The Gazda quarry is one of the largest outcrops of the present-day Sütto travertine complex that is situated close to the town of Sütto (Hungary), in the Pannonian Basin. Sedimentological and petrographical analyses show that the Gazda travertine body is built out of phytohermal, wavy laminated, massive and flat laminated travertine lithofacies representing reed mound, slope, lacustrine and palustrine depositional environments, respectively. Based on petrographic analyses, the following three main textural features were recognized that allow to describe the most common microscopic features: (1) micrite textures; (2) micritic coatings and crusts; and (3) different types of clasts. Each major lithofacies is characterized by a particular association of these textural types.The geometry of the travertine beds follows the antecedent land-surface, a NE-SW striking pre-Pleistocene valley. It is proposed that in this valley travertine precipitation took place along a gently sloping terrain. The Gazda travertine system was fed by at least two groundwater-springs. One of them was located NE of the quarry from which waters were flowing along the axis of the valley. The other source was located to the East of the Gazda quarry and waters joined the main water-course along the valley. Closest to the confluence, a phytohermal mound developed with lateral slope and eventual pond depositional systems. Onlapping and interfingering with the flat laminated lithofacies indicate alternating activity of the two springs. Fractures observed in the quarry are mainly related to postdepositional gravitational sliding, however, neotectonic forces resulting in NW-SE tension also played a role in the formation of the fractures.Stable oxygen and carbon isotope analyses show that water temperature was approximately 25 °C. Petrographic studies indicate that only syn-diagenetic processes affected the precipitates. Therefore the original stable oxygen isotope signatures, characteristic of the depositional environment, were preserved.Detailed sedimentological and geochemical study of the Gazda travertine complex allowed small-scale facies characterization providing information about the ancient depositional environment and the heterogeneous nature of these carbonates.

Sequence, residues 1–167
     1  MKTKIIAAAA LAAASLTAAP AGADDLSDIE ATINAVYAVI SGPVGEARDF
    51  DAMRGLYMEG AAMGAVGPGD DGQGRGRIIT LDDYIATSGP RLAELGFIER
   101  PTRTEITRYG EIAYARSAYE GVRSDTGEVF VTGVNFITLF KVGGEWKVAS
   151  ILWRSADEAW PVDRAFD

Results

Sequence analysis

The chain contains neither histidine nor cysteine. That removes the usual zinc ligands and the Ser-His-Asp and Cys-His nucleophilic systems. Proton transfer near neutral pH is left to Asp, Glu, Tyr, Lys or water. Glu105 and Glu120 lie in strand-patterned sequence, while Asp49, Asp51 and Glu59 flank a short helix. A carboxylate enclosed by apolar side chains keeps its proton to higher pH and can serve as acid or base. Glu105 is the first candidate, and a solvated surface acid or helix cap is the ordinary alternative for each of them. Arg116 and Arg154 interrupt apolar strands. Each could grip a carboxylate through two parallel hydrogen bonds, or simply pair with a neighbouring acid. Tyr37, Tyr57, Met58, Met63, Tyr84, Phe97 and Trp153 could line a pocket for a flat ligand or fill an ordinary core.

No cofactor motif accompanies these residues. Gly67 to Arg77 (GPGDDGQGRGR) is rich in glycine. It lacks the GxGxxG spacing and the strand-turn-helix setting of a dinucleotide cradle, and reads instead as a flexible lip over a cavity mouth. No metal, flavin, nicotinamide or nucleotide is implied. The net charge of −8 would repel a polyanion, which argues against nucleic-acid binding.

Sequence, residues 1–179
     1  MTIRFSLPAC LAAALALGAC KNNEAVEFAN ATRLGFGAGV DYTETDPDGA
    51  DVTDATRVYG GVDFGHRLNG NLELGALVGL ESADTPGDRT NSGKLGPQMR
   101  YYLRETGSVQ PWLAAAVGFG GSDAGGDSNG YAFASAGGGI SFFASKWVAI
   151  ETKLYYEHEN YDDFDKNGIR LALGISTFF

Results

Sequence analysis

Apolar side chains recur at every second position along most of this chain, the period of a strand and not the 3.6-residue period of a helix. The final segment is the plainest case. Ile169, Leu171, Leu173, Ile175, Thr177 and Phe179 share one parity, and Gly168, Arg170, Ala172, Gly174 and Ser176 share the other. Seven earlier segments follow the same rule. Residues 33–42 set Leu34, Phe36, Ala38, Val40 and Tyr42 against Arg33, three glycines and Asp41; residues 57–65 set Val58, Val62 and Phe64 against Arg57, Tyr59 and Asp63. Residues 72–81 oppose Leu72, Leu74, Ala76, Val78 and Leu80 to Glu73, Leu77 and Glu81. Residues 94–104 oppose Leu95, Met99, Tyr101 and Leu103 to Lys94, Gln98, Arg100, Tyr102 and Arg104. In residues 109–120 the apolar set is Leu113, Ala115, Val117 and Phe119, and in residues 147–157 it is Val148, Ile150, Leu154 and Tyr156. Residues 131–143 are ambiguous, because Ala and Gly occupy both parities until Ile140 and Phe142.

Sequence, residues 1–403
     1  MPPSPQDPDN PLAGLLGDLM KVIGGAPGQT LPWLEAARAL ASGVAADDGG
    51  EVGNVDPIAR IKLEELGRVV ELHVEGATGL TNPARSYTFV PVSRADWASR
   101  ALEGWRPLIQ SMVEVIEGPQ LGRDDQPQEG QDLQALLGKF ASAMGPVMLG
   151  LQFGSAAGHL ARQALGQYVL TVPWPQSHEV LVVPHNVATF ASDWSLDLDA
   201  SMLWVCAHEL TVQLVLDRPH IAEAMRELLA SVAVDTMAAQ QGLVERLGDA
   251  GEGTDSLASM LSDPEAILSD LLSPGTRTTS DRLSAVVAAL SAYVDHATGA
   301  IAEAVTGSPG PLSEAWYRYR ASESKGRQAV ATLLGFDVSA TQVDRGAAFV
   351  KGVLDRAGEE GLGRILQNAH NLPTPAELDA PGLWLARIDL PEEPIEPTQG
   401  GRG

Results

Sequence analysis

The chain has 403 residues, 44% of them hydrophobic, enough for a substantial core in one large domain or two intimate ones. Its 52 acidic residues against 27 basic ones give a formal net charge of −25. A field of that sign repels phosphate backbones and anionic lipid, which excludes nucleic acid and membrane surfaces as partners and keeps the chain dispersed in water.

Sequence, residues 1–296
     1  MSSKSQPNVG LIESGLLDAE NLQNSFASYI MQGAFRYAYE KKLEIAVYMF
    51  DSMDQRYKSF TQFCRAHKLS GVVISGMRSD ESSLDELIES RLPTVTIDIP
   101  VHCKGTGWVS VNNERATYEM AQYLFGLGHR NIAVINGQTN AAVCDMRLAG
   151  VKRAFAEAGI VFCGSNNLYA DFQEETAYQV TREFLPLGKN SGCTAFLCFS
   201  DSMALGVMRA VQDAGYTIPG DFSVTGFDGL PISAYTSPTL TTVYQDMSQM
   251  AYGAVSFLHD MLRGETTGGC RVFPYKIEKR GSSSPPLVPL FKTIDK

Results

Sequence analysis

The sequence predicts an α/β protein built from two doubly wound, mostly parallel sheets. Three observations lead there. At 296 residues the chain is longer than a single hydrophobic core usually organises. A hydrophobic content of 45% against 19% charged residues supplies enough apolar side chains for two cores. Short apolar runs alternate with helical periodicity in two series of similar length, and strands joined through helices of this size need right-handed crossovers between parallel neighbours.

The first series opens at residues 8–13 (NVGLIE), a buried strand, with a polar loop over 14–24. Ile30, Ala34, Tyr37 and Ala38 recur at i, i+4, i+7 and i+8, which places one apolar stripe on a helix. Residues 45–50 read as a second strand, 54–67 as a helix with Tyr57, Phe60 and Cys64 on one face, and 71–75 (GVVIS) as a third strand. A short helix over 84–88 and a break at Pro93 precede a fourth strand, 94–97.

- Paleoenvironmental reconstruction
- Stable isotopes
ASJC Scopus subject areas
- Earth-Surface Processes